ELINORE PRUITT STEWART (1876-1933) caused a literary sensation in 1914 when her Letters of a Woman Homesteader was published. A self-educated pioneer in southwest Wyoming, she wrote letters to keep her mind busy amidst the hard physical labor of carving a home out of wilderness, and to keep her friendships fresh in that remote place In this followup of the next year, Stewart's missives are short stories in themselves, letters written about events in the summer and fall of 1914 and intended for later publication, as those of her first collection were not. The joy of Stewart's writing is in the perceptive eye she turns on her neighbors and their fortunes and misfortunes: scraping up money to buy a coffin and tombstone for a beloved mother, digging wells for thirsty horses, making bonnets and kitchen curtainHIS036041s to beautify a harsh environment, rekindling a romance between a couple long estranged, and more. A classic of pioneer life, this delightful book continues to enthrall readers today, nearly a century as it was written.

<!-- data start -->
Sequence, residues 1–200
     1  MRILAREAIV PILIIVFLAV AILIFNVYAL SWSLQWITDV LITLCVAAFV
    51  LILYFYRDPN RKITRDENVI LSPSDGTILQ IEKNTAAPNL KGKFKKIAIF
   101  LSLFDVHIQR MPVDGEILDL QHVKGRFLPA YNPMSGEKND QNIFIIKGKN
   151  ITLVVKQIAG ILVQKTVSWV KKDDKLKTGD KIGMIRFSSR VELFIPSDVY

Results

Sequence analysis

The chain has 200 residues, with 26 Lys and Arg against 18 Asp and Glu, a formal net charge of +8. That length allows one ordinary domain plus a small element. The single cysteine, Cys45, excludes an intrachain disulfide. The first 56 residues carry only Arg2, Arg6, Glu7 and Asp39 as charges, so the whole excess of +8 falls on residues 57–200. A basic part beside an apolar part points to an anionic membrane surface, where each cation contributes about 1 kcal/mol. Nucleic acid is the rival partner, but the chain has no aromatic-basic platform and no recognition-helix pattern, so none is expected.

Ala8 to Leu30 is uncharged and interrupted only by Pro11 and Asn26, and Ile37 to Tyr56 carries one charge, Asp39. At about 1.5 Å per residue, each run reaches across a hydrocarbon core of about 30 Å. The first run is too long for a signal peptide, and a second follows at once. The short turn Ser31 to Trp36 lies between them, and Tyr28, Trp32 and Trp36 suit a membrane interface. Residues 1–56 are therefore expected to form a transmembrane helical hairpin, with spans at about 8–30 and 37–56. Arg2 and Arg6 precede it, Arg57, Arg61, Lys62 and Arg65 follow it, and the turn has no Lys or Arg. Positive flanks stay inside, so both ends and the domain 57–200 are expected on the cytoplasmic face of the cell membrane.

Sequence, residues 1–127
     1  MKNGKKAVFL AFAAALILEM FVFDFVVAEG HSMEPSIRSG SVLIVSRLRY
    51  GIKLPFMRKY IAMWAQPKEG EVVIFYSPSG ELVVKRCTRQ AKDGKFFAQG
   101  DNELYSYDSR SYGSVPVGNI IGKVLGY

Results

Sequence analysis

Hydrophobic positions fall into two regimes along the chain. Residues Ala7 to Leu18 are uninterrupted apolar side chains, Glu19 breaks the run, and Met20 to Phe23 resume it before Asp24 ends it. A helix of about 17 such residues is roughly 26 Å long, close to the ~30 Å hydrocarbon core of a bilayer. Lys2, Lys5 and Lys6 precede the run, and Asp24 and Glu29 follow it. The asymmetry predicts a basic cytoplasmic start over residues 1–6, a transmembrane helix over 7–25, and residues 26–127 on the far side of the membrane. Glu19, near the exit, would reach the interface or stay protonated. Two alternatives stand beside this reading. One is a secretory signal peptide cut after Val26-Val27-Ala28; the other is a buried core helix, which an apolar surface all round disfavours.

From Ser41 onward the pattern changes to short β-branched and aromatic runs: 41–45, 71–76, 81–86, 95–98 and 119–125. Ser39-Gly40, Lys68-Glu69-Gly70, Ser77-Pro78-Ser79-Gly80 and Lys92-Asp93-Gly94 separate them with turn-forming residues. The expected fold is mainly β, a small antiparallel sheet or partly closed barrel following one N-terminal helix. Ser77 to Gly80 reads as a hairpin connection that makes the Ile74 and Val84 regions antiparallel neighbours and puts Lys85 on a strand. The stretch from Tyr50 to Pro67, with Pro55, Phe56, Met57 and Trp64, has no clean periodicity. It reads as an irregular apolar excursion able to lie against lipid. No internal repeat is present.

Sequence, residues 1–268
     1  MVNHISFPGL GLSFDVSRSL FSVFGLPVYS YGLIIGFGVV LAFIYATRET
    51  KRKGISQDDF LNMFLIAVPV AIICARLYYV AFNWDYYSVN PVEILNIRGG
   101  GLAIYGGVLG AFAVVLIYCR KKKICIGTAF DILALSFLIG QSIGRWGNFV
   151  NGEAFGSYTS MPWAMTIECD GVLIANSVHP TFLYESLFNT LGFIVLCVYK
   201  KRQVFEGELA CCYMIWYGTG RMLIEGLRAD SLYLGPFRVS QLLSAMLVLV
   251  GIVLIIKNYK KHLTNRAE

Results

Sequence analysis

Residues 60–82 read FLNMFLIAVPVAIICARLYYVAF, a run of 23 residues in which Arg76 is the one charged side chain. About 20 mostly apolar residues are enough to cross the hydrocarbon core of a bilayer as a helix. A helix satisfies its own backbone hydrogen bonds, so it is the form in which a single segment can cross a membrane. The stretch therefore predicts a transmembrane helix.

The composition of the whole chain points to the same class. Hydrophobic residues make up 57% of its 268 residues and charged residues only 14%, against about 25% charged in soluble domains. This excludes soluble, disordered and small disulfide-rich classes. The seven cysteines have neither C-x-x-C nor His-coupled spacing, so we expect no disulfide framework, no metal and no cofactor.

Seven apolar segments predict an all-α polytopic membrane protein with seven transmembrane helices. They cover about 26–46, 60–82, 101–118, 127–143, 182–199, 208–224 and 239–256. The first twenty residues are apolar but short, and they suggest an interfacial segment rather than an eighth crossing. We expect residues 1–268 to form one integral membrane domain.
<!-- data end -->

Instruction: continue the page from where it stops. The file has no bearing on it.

1902. Nebraska panhandle. Dugouts. Oil lamps. Prairie winds howling late at night. Native's drums beating in the distance. Wagon wheels rattling on a dusty road. Rough brown tweed. Blue smoke curling from a briar pipe... The mysterious homesteader has gone missing! Sherlock Holmes and Dr. Watson have been summoned to the rough and tumble Nebraskan frontier to solve the case. Who is this mysterious homesteader? What will be found? Why is Annie Oakley absent from Buffalo Bill's Wild West show? Will Sherlock successfully confront Moriarty once and for all? Does Watson finally win at faro? All these questions will be answered and more... "It seems to me a most sinister business..." --Sherlock Holmes, "The Speckled Band"
"Warmly delightful, vigorously affirmative." -- "The Wall Street Journal." Told with vivid gusto by a young, fiercely determined widow, this towering classic of American frontier life paints a candid portrait of her work, travels, neighbors, and harsh existence on a Wyoming ranch in the early 1900s. Includes 6 original illustrations by N.C. Wyeth.
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